C: The second one is figure out how to put your work in the world. As human beings, we have a hard wired, need to make a difference and add value. So figure out what your world is. Your world does not have to be the whole company, the whole enterprise, the whole department. Define your world. Who are your customers? Who are your, where are your products? Who’s your team? Define your world and make a difference in that. 

J: Yeah, I love that. So a couple of really great tips of just be a human. Just be a human in that environment. We can’t always control these really large, complex organizations. They’re going to do what they’re going to do. And if you work in one of those places, just find a way to be human in that and get your work into the world every day.

J: I’d like to add to that, if I can, Courtney, a tip for those who sit in those corporate roles because we are not here to suggest that those are malicious people sitting in those roles. As a matter of fact, we’ve been in those roles. I spent, I think probably most of my career in one of those roles. And so I’d like to share with you a way I thought about being in sort of this corporate position. And that is to remember that your organization is too complex for you to just sit at your desk and run it and add programming or add value just from your desk. That’s what we say is like running the organization by remote control.

It’s, it’s way too complex to do that. Your job, and here’s the tip, is to figure out who your friends are. Get friends, I’m going to say it this way, like get friends in the factory. Maybe you don’t work in a place that has factories. Maybe it’s just more service oriented, but get friends on the front line of where that service is happening. If they’re building product or if they’re serving customers, get to know those people. Look at your calendar. Who are you meeting with? Who do you know? How do you get information about what’s really happening in your organization so that you don’t drift? Because it’s easy to drift when you’re sitting in a removed role from the frontline of your organization. So you have to be really deliberate about that.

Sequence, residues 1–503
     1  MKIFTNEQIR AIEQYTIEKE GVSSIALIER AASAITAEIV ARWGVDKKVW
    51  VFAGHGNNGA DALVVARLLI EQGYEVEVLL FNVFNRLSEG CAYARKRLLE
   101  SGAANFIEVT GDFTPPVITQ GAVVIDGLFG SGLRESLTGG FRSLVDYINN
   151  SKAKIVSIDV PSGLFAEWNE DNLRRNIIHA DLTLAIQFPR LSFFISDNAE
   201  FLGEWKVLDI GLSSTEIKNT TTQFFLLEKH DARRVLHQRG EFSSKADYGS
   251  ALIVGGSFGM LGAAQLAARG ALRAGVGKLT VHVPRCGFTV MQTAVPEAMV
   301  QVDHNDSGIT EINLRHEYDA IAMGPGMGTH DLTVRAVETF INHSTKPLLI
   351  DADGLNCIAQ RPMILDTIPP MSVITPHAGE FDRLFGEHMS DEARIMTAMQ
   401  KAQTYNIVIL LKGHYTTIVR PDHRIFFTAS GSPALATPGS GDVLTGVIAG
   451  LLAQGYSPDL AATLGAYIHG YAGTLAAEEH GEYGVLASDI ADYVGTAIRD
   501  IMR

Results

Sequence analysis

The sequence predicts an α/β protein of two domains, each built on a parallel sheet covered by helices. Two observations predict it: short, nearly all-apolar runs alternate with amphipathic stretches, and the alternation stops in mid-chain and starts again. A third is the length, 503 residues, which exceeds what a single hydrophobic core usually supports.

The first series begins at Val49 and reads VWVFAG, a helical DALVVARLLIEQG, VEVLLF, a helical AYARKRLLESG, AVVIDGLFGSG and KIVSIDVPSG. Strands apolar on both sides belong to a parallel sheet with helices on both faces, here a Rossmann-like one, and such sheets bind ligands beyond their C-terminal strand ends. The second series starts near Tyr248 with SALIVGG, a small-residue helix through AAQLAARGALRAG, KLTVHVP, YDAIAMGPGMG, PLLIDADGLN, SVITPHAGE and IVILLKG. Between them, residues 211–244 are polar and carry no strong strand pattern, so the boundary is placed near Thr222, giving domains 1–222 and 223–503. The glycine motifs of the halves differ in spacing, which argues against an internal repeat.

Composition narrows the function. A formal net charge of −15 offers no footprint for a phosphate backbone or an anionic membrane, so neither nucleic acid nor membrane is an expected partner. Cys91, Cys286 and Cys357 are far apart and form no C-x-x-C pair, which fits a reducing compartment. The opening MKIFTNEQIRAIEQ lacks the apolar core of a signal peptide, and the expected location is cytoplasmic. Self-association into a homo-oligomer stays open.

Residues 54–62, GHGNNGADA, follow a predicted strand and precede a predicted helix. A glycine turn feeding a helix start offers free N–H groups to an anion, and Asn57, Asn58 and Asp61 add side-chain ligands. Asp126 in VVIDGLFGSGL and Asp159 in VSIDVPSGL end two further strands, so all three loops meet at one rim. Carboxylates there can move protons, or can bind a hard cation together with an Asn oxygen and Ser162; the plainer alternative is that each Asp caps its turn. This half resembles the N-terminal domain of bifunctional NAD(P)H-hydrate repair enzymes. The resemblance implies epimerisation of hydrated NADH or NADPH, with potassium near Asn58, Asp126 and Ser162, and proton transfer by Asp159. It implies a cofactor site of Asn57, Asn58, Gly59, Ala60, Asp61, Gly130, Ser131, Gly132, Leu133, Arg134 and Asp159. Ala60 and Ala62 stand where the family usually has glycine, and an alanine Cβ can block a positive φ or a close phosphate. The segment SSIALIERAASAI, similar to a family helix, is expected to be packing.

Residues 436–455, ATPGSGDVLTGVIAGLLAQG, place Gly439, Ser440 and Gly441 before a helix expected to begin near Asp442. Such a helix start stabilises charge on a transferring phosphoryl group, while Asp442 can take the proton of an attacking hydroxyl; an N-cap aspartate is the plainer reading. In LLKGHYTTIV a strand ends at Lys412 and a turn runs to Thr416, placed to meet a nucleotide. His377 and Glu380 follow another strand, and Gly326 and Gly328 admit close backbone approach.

C: Yeah, I love that. And it’s a choice every day. So here’s probably the last tip or advice, whatever your job is: simple organization, complex organization, tough day, bad day, whatever. When we do our coaching, we spend almost every coaching conversation coming back to a theme: Stay in peace, leave in joy. But there’s no third option. So if you are working in one of these organizations and it is tough and you’re struggling, it is your choice to stay there and find joy in it. Make a difference. Find people to help and find goodness there. And if you can’t, then find a way to leave in peace. 

J: That’s right. I love that. It was Cy Wakeman who said that. 

C: I almost said that, but then I didn’t want to get it wrong on the radio. 

J: It was Cy Wakeman. And I think it’s a really great way to close this episode, which is to remember that you always have a choice. You always have a choice. Stay in joy. Leave in peace. No third option.

All right. That’s all we have for now. But we always have much more to say. If you want more, drop us a line at Slingshot25. com. Until next time.